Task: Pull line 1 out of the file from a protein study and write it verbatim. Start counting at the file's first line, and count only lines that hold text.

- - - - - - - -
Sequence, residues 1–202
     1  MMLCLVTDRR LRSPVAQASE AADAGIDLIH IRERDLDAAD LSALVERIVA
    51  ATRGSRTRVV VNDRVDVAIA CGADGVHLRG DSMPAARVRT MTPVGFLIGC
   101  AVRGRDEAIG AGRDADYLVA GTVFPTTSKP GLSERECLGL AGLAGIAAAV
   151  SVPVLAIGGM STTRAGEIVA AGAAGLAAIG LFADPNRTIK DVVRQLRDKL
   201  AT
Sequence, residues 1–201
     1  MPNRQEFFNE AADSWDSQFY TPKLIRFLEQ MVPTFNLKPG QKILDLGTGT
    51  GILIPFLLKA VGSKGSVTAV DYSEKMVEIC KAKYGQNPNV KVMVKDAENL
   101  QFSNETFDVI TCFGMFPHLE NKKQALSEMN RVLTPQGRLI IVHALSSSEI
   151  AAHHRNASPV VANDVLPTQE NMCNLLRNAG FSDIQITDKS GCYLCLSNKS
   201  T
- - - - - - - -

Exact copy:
Sequence, residues 1–202